I wonder how this might affect the way I approach people who tell me they want help with depression. Maybe I’ll make sure to add in some hallucinated “aromatherapy” during the session.

Written by Michael DeBusk

January 12th, 2008 at 4:24 am

Mystery Solved

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Randy Cassingham of This Is True fame blogs a great article on the real-world differences between experiencing something and knowing about something.

Well, no wonder I’ve struggled so long trying to figure it out and explain it; why I couldn’t explain it has perplexed me for some time. I think Dan is right: that’s impossible. All I know is that many Premium subscribers absolutely love it, and say things like Belinda did — it’s a life “essential” — or liked Daniel, who “savors” it. Or like Dan: he’ll read it for life (his or mine, I guess: whichever comes first!)

Read Randy’s Mystery Solved. And if you don’t already get his newsletters, start with This Is True, collections of strange-but-true stories like:

  • A man sued his doctor because he survived his cancer longer than the doctor predicted.
  • Two robbers were in the process of their crime when one changed his mind and arrested the other.
  • A woman had her husband’s ashes made into an egg timer when he died so he could still “help” in the kitchen.
  • Only 68 of 200 Anglican priests polled could name all Ten Commandments, but half said they believed in space aliens.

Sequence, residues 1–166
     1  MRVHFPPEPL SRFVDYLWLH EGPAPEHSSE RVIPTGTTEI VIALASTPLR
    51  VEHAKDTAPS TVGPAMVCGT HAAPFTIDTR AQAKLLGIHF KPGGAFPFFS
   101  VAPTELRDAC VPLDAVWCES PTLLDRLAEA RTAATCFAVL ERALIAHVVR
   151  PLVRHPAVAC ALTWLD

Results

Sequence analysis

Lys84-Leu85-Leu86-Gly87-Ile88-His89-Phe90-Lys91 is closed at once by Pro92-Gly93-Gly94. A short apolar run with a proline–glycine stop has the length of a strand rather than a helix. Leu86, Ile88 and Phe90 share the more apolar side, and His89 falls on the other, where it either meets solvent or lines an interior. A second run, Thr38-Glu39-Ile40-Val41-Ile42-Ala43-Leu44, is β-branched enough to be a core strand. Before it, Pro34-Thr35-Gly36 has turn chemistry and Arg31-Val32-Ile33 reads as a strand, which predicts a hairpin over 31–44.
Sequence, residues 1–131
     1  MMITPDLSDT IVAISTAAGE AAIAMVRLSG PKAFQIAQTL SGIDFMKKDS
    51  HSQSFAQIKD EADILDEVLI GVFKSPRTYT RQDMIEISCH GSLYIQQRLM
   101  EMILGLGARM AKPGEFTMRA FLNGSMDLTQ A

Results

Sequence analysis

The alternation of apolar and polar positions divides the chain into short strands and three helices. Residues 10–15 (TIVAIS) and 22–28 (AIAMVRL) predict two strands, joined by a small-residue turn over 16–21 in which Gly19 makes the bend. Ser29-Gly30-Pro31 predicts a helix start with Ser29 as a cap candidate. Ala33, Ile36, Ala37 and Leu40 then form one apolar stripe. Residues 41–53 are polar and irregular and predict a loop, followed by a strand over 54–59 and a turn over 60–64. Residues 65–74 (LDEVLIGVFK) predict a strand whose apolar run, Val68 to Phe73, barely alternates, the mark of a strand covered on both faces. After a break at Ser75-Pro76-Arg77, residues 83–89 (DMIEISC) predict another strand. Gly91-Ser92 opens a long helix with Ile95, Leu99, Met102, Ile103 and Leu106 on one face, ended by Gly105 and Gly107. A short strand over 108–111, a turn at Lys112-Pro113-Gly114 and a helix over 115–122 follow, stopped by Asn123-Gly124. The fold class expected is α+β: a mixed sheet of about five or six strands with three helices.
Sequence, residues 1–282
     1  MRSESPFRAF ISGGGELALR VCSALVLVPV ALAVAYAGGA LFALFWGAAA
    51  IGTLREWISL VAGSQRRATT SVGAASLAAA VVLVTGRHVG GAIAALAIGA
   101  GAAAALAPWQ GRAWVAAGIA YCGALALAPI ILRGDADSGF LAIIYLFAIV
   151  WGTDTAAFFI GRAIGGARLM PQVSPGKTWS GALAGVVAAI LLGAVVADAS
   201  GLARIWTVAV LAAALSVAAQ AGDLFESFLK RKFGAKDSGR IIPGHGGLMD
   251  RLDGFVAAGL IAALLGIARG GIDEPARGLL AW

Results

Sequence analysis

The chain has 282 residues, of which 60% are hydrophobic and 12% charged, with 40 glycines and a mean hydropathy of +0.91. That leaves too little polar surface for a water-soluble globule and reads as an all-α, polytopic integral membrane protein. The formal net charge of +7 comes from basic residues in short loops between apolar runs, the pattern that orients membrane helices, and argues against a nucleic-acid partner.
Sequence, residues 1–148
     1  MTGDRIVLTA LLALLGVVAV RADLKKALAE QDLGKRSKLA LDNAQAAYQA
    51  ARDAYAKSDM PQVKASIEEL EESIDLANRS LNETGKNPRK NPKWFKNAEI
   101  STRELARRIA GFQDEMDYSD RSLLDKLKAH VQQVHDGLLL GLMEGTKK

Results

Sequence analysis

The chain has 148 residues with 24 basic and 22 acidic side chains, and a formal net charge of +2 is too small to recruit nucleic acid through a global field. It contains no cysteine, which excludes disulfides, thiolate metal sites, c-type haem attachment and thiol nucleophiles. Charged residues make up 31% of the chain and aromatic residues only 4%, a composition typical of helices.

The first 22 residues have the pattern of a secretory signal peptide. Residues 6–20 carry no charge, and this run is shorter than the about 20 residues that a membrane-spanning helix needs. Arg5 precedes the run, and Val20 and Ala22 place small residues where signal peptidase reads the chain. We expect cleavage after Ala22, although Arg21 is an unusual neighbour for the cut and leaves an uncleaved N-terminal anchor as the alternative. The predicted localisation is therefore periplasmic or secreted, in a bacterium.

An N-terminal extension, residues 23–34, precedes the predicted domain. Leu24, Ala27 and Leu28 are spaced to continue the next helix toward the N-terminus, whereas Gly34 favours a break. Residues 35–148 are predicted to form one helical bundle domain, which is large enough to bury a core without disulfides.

(I’ve been a Premium subscriber for several years and have appreciated every issue.)

Written by Michael DeBusk

January 11th, 2008 at 7:54 pm

Posted in Free,Psych,Web sites

Patients, Doctors, and the Power of a Camera

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Dr. Gretchen Berland, M.D., has been doing some marvelous research with disabled people. She mounts video cameras on their wheelchairs so as to get their own perspectives on their lives. From the New England Journal of Medicine:

Moments of extraordinary frustration were also recorded, a scene captured by [patient Vicki] Elman being a striking example. After 20 years of living with multiple sclerosis, Elman required a power wheelchair. One afternoon, her regular public-transportation service picked her up from an event, and during the ride home, her wheelchair stalled inside the van. Although it’s officially against the rules, most riders say that a driver will sometimes bring them into their homes. That day, however, Elman wasn’t so lucky. The driver parked her 10 ft from her front door, where she stayed and waited. But she had brought the video camera.

The first time I screened this tape, I was horrified. I watched Elman try to call for help on a cell phone that had no signal. I watched her wait for a car to drive by, hoping that someone would stop and help. I watched as the afternoon light faded in the background.

I wish the indignity Elman suffered that day was an isolated event, owing to one overworked bus driver. Yet the material she and Buckwalter recorded suggests otherwise. Their filmed interactions with the health care system, including telephone calls with insurance companies, visits with physicians, and exchanges with nursing aides, reveal a culture that can be both naively ignorant and, sometimes, dangerously neglectful.

Follow this link: Full article, video samples, and more information.

Written by Michael DeBusk

January 11th, 2008 at 7:54 pm

Interview with Steven Pinker

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I’ve loved everything I’ve read that Dr. Pinker has written, starting with The Language Instinct.
Approachable and intelligent at the same time. Great stuff. Interviews – Steven Pinker

Written by Michael DeBusk

January 10th, 2008 at 4:45 pm